Since I mentioned Mary Slessor last post, I decided to republish this about her life.  It’s now a free book on Kindle, so I hope you are blessed in reading about this heroine of mine.

by W.P. Livingstone

I have been reading it this time through the lens of life experiences since I have now visited several “third world” countries, including jungles, and can better appreciate the hardships she endured. She had such passion to give the wonderful good news of Jesus Christ to cannibal jungle tribes in Nigeria from 1876-1915, and endured much physically and emotionally as she trusted God to transform the people by His power.

Mary Slessor- a Scottish single lady who devoted her life to reaching the cannibal tribes in Nigeria

Challenged by the life of David Livingstone, Mary Slessor offered her services as a missionary in Calabar, Nigeria. Arriving there when she was 28 years old, she overcame her fears and inexperience with a genuine love for the people and shared with them the hope of the resurrection through faith in Jesus Christ. Earning the nickname “White Ma” she became mother to many adopted children and never failed to preach the love of Christ to all she met. Many times she was ill with fever from malaria, but God renewed her strength repeatedly so she could carry on the work.

The natives believed that any mother who gave birth to twins must be cast out and the twins be killed immediately. Mary rescued many twins and raised them herself to demonstrate the love of Christ to them.

Mary Slessor with some of her beloved adopted children.

She worked long hours as a mill worker in Scotland before coming to Nigeria in 1876. She was a diligent student of the Bible although she never received any formal training herself. When no worker could be found to go with her into the jungle, she went alone with some natives, trusting God to open doors. She wrote in a letter home in 1888, “I am going to a new tribe up-country, a fierce, cruel people, and every one tells me that they will kill me. But I don’t fear any hurt –only to combat their savage customs will require courage and firmness on my part.”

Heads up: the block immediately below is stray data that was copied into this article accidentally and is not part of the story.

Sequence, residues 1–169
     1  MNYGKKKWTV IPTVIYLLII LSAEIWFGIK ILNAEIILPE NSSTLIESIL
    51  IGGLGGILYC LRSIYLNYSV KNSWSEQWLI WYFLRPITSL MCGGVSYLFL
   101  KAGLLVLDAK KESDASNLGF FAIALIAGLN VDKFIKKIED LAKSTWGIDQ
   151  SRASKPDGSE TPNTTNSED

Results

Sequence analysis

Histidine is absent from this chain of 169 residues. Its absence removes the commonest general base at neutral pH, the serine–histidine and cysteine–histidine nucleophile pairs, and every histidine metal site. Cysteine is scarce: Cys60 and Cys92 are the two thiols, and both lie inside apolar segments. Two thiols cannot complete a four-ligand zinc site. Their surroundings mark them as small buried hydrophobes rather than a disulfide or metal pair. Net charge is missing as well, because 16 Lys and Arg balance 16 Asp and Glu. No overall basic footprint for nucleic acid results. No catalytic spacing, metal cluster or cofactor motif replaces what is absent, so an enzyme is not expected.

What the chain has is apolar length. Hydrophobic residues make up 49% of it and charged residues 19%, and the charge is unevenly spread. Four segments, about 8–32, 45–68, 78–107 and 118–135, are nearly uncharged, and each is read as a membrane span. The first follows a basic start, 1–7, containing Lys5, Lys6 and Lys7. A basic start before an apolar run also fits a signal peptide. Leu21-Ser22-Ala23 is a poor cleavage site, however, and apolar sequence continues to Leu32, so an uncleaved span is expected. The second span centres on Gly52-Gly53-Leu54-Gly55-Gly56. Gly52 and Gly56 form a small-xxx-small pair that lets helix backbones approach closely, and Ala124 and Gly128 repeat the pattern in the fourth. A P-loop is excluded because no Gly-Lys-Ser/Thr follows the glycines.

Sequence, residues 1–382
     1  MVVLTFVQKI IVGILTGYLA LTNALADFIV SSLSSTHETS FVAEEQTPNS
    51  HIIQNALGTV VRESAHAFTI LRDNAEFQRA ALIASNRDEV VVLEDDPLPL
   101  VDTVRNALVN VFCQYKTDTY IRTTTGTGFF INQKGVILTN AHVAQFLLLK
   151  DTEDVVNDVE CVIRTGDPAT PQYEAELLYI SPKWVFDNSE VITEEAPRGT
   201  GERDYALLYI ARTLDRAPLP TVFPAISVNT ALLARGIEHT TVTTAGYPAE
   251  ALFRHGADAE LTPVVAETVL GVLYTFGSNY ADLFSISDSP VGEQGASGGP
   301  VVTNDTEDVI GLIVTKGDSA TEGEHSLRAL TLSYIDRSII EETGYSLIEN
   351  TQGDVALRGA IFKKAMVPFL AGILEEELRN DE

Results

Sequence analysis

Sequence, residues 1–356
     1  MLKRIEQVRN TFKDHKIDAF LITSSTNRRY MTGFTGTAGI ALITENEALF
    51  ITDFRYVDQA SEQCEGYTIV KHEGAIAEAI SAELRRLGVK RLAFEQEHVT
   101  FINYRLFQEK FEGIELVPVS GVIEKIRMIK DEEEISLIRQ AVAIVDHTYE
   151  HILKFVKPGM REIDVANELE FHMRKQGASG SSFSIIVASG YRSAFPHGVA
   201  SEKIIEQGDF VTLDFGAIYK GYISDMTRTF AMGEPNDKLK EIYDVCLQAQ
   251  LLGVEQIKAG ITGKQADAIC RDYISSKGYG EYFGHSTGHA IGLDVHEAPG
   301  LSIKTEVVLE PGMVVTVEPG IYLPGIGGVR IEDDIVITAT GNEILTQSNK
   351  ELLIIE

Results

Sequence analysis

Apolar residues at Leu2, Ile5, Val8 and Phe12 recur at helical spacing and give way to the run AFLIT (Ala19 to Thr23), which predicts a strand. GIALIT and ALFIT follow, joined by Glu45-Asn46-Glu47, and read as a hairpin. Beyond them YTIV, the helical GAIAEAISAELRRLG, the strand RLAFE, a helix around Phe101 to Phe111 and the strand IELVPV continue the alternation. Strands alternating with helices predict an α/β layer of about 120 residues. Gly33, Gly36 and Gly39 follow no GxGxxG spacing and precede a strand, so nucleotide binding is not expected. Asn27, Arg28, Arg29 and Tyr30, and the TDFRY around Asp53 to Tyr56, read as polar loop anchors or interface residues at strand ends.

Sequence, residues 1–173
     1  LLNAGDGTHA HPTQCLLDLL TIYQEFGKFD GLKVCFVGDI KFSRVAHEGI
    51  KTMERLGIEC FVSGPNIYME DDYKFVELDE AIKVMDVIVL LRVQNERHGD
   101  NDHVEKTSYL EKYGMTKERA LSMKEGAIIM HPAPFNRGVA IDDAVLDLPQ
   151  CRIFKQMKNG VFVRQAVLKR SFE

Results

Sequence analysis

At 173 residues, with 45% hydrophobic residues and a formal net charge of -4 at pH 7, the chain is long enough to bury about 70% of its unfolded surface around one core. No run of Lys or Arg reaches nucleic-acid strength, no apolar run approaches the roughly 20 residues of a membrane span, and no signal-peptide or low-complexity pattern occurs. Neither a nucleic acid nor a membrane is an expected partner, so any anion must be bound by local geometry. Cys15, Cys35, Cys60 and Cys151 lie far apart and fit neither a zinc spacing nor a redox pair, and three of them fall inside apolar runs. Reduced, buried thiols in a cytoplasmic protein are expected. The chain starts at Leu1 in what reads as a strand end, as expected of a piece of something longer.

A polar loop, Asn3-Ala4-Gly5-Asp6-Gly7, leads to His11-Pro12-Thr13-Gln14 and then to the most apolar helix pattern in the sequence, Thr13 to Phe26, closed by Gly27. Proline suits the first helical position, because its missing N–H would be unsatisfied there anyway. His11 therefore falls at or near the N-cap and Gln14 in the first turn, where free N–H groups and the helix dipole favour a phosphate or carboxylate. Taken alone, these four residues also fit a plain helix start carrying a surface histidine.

Even though she was not a formally trained nurse, she did what she could to relieve the people’s sufferings who usually went to the witch doctor when ill. In 1896, she decided to move further up the river with her many adopted children since most of the tribe had moved there. However, there was much sickness among the children by an infectious disease which caused the death of four of them. To make matters worse, smallpox then swept through the country, killing hundreds of people. For hours daily she vaccinated all who came to her hut. A man from the mission downriver arrived when her supply of lymph had run out and assisted her to take blood with a penknife from the arms of those who had already been inoculated so they could inoculate more.

She returned to her old house and converted it into a hospital, and people flocked to it. When she heard her beloved Christian chief Edim caught the smallpox in the new village, she tramped back alone through the jungle to nurse him, but it was in vain.  The Lord took him home to heaven in the middle of the night. Since she had no one to help her, she fashioned a coffin with her own hands, placed his body in it, dug a grave, and buried him.

Mary with Chief Edem who later died of smallpox

Two white Christian men arrived from the Mission House down river to help, and she asked one of them to go back to her old house to gather some supplies. When he arrived in the village, all was total silence and he knew something was wrong. He opened the door of her house to find it full of corpses of those who had died from small pox. The place was never fit for habitation again, and gradually was engulfed in bush and vanished from the face of the earth.